Purim is a Great Holiday

by Arliene Botnick, February 23, 2022

Purim is one of the most delightful of our holidays. It is festive, joyous, and irreverent. We wear costumes, make a lot of loud noise, eat delicious hamantaschen, and are reminded to send gifts to our friends and to the needy. But is Purim just a delightful holiday and engaging story, or is it a historical reality? We read from Megillat Esther and delight in a tale filled with intrigue, foolishness, exaggeration, chance, coincidence, but we cannot forget that it actually is a tale that – though we celebrate so joyously – could have ended with all of us, as Jews, being slaughtered. But it ends well, and we celebrate and we annually read the story from a book of the Bible that does not even mention God’s name, to say that, as Jews, we did and we will survive!

The story takes place in Persia, a very long time ago, perhaps in the 400’s BCE, under the reign of a king called Ahasuerus. When he demands that one of his wives, Vashti, appear before him at an elaborate banquet wearing only her crown, thus suggesting perhaps she wear only her crown, nothing else. Vashti refuses to come to the party naked and is exiled or murdered (Poor Vashti!). But she has become a heroine (hero) of sorts. She stood up and held her ground against male bullying and has become a role model for women’s rights. I wonder if she knew she was an early women’s libber. And then, suggesting male shallowness, Ahasuerus is convinced that a new wife is to be chosen not for her mind, not for her wisdom, but for her beauty. Definitely not the way we feel we should choose a partner today. So Esther wins the beauty contest after being convinced by her uncle (or her cousin) Mordechai to enter it. She is warned not to divulge her Jewish identity because, as a Jew, she couldn’t have been in the contest (antisemitism even in those days). At about the same time, her uncle/cousin Mordecai just happens, by chance, to be outside the walls of the king’s courtyard and he overhears a plot to kill the king and, what does a good person, loyal to the monarchy do? (and of course, Mordechai is a good person) He tells Esther to tell the king of the impending plot and she does so, without apparently letting Ahasuerus know that it was Mordechai, her cousin/ uncle, a Jew who is saving the king’s life. But all this will be recorded in the royal Chronicles which by chance will ultimately be read on one sleepless night by Ahasuerus.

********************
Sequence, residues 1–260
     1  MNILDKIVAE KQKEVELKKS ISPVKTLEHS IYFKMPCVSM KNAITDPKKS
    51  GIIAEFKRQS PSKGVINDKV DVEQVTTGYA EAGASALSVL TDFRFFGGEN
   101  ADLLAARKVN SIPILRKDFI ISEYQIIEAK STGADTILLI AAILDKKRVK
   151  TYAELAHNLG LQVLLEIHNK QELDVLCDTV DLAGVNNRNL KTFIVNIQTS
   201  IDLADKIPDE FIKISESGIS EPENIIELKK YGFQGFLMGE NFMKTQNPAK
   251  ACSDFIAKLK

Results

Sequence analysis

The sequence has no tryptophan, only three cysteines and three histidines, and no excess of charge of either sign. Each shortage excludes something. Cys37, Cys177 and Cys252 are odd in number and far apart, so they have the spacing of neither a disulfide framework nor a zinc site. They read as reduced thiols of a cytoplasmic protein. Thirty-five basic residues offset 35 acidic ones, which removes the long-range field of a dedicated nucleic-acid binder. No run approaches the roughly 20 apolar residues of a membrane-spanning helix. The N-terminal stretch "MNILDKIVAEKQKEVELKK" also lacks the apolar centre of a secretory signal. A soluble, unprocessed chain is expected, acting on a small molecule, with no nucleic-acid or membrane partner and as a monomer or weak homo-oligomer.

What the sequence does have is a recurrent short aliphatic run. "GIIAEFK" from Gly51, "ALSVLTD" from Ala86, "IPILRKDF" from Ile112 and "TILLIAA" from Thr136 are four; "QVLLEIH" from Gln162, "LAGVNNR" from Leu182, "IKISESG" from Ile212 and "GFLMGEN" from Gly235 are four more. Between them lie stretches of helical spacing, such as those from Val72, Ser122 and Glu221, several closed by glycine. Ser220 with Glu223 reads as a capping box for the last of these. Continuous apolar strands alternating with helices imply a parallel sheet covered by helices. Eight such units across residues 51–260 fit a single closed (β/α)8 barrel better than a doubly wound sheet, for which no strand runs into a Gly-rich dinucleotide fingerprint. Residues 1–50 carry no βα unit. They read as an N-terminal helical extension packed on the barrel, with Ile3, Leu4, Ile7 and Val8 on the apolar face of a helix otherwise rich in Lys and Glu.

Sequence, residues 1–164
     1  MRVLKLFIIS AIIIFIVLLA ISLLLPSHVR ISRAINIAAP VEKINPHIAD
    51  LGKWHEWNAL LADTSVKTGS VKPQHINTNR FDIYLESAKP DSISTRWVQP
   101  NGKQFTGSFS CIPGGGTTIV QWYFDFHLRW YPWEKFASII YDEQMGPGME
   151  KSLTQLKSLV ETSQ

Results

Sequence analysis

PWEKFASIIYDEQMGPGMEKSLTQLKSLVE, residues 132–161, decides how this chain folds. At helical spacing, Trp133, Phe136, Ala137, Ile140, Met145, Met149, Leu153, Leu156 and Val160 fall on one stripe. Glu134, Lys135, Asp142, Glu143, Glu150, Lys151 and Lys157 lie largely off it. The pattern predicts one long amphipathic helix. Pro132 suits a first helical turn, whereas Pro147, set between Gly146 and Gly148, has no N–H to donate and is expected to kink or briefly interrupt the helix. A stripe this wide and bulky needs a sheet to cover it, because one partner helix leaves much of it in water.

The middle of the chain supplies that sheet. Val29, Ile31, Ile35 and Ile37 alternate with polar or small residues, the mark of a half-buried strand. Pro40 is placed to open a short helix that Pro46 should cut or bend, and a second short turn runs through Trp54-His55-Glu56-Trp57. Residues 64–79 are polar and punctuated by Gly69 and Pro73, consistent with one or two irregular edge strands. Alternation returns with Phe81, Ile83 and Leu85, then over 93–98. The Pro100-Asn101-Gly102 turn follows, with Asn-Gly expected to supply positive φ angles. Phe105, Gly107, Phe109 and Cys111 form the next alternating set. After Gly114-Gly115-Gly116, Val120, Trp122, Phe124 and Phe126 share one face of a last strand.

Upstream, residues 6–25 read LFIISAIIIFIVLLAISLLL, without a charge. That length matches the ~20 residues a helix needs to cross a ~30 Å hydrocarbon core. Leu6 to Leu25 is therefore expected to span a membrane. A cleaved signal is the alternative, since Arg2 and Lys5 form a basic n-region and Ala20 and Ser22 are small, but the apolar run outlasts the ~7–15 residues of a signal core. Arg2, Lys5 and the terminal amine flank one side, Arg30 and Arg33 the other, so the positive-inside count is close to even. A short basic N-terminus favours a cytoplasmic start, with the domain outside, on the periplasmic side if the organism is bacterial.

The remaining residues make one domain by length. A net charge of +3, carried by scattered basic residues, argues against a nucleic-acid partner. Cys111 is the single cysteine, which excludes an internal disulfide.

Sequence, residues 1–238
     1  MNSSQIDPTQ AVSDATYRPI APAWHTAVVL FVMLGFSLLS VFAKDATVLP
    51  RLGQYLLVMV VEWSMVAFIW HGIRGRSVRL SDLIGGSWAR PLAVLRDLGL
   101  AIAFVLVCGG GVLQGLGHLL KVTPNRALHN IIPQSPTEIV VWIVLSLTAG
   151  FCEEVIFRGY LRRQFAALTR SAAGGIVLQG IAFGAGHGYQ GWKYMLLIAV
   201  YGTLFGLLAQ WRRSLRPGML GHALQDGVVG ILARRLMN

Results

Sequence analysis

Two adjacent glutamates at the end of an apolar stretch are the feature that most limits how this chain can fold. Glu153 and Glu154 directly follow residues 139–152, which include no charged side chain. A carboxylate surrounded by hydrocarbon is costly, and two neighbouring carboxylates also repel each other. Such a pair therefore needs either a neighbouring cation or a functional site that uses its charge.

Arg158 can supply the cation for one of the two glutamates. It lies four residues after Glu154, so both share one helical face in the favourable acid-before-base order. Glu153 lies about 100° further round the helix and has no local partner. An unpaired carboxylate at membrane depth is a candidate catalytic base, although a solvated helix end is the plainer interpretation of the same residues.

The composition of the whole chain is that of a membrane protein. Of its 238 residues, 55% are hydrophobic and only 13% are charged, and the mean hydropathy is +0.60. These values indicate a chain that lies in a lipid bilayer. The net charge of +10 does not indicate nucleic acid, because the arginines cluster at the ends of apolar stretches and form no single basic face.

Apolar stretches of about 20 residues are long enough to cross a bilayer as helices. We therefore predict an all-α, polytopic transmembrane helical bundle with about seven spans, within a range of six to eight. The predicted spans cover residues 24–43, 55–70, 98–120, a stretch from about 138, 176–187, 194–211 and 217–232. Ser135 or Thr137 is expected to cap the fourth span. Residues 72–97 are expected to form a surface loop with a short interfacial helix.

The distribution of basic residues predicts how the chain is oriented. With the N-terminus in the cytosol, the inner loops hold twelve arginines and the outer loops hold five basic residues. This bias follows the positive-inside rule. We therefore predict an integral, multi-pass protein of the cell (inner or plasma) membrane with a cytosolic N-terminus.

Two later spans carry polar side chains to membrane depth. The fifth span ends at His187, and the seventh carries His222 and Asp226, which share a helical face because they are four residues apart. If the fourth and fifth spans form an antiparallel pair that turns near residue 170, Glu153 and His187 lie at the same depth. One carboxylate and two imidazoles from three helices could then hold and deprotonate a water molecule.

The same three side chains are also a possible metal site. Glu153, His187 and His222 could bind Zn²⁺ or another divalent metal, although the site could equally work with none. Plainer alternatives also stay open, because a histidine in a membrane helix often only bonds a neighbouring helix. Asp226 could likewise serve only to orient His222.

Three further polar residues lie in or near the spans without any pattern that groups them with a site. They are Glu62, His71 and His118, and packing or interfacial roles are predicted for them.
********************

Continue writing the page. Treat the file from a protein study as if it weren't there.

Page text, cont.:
And we have to remember the villain, Haman, the king’s main adviser, really doesn’t like Mordechai. Actually, he really despises Mordechai, and therefore he decides to despise each and every Jew and murder them! (I think we’ve heard that one before). It seems that Mordechai refused to bow down before Haman, which for the megalomaniac Haman was unacceptable, therefore, what must he do? He decides to kill not only Mordechai but all Jews. (Doesn’t make sense, does it?) And he thinks so little of Jewish lives, that, by just a tossing of lots (which is what the word Purim means) the day is selected on which the destruction of the Jews is to take place (the 13th of Adar). So we are about to celebrate what could’ve been our annihilation. But we know how it ends. We know why we celebrate. Haman, the quintessential Jew-hater, the powerful, influential person was able to sway people by suggesting that we’re just too different. He convinced the king that “there’s a certain people scattered abroad and dispersed among the peoples in all the provinces of thy kingdom and their laws are diverse from those of every people; neither keep the king’s laws.” Haman readily convinces the king, who obviously is more interested in partying and alcohol than in thinking, to agree. But neither Haman nor the King knows that Esther is Jewish, nor that Mordechai is her relative. Mordechai realizes that this is a dire situation and he sends a message to ask Esther to beg her husband to save her people. Unfortunately, Esther is forbidden to appear before the King unless she has been summoned. She is afraid!